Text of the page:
Year in review and a year’s preview

The past year has been very special for me, and my readers have been an important part of it.

Beginning

While Keyforge was released in 2018, I feel like my journey only started in March 2019, when I decided to go to UKGE and participate in a sealed vault tour. I realized I’m an adult now, with income and savings, and if I wanted to spend my vacation playing a game I love, I could. Part of that decision though, was that I would get better at the game, so I can actually compete.

I started this blog with the intention of documenting my journey, I did not expect to become popular, nor did I expect to reach a point where people come to me for advice. I owe the beginning of my learning to Jake Frydman of Sanctumonius podcast, who answered my very first question: When do I hold cards? And to CoDameron and Kiramode of Bouncing Deathquark for laying down the foundation upon which I could build. Without them, I would have remained an infant in the world of keyforge.

The rest of my learning I did with the help of the wonderful community over at the Sanctumonius Discord, which was nurtured Dan Johnson also of Sanctumonius podcast, but I owe thanks to everyone on there that kept the place warm, welcoming and ripe with interesting discussions.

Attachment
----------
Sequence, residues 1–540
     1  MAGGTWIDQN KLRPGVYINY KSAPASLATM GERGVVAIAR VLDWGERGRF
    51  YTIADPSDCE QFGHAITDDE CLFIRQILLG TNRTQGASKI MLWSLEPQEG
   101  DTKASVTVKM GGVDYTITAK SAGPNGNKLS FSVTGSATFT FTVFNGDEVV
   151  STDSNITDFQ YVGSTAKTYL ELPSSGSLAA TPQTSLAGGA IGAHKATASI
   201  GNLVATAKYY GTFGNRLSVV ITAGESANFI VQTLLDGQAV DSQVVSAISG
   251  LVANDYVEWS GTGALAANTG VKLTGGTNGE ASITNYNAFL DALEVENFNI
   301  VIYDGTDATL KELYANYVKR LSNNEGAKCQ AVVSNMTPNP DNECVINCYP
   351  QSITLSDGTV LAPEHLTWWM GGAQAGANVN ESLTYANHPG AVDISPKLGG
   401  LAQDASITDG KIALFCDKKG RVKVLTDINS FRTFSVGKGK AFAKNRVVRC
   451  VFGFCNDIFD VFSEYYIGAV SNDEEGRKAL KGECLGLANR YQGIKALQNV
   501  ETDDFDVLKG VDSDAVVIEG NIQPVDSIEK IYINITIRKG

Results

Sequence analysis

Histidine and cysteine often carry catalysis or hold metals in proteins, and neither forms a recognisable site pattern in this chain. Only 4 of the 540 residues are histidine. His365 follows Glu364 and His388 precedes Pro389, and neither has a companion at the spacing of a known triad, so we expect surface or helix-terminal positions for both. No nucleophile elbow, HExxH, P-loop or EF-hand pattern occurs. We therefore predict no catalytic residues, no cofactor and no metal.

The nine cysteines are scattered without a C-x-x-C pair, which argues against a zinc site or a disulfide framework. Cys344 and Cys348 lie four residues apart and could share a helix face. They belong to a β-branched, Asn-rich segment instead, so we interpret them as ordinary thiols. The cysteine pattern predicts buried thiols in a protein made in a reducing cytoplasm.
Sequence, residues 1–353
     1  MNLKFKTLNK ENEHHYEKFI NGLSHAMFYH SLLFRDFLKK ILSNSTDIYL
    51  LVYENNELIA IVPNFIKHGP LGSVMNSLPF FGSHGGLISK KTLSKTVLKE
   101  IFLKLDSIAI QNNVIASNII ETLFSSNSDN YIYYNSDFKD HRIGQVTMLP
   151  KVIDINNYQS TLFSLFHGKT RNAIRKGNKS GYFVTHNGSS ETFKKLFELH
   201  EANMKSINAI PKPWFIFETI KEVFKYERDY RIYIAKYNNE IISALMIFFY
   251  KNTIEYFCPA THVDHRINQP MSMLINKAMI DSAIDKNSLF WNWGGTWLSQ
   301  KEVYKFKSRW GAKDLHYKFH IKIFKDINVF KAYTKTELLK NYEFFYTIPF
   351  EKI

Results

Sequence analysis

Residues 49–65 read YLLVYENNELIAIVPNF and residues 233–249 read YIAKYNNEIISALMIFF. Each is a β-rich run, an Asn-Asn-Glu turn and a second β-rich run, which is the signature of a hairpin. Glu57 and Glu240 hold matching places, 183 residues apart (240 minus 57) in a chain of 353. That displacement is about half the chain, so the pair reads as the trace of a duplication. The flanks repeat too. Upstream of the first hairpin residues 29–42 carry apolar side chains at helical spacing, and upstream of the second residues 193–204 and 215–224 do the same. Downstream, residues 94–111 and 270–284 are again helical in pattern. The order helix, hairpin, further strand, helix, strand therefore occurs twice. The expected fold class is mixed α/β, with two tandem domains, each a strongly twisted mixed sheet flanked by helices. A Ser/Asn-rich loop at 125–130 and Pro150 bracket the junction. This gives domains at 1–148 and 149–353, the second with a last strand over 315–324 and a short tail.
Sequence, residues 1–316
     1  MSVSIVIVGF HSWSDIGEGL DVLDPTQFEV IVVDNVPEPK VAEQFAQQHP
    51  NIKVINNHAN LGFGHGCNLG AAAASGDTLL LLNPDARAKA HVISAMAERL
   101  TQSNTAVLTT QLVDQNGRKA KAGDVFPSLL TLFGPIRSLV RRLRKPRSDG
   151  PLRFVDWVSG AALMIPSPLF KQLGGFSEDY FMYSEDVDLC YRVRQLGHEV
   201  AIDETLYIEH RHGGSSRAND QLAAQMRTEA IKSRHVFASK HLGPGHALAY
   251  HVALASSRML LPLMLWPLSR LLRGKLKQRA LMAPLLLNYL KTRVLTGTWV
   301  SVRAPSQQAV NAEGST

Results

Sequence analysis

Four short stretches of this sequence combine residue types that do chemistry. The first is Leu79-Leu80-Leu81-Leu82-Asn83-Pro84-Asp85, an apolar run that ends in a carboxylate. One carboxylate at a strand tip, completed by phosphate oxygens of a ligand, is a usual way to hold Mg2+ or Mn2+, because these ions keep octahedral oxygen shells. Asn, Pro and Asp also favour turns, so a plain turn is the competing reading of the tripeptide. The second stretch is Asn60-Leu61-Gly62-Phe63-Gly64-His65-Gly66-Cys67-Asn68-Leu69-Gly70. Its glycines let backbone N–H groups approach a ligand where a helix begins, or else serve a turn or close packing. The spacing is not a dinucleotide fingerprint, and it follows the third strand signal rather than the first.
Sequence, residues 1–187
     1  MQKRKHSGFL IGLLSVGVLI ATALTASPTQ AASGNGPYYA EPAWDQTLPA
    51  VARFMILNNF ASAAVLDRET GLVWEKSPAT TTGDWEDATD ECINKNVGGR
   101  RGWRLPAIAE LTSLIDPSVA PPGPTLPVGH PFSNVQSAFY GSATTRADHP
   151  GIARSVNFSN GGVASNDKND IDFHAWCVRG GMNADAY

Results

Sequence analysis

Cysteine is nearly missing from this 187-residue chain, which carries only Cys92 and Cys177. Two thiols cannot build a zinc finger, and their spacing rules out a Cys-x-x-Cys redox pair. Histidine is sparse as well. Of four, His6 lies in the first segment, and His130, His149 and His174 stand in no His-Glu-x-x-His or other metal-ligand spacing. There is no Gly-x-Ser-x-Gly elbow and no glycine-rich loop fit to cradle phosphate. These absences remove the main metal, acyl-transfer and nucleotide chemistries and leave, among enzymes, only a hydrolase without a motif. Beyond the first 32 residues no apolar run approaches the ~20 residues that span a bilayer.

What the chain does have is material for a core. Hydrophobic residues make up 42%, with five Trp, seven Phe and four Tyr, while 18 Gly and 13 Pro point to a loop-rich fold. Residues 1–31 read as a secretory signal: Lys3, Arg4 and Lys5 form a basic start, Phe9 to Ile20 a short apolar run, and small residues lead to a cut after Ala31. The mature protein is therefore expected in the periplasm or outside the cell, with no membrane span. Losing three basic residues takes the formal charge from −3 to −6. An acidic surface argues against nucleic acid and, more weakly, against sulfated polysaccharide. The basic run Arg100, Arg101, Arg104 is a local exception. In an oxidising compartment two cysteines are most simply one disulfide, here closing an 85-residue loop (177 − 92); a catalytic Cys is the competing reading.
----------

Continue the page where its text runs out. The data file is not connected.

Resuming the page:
There is something interesting about how the environment we operate in changes the way we think. When I used to browse /r/all on reddit, I realized I started thinking in meme form (part of the reason I stopped doing that). While writing this blog I started thinking in article form, which forced me to push my abstract thoughts about the game into something more coherent. This was a great help in my understanding the game.

UKGE

By the time I got to UKGE I already amassed a bit of a following, and I was asked if I was going to keep on writing after. My answer was that it depended on my result. If I went 3-3 or worse, I would likely feel like I don’t have a voice worth listening to, and would stop writing and stop pursuing competitive play. If I went 4-2 I would probably feel I needed a to pursue more knowledge, and thus continue writing. If I went 5-1 or better, I might feel I have achieved what I wanted at leave it at that.

I’m quite happy I finished 4-2, because it pushed me to keep trying. Keep learning. Keep growing.

Krakow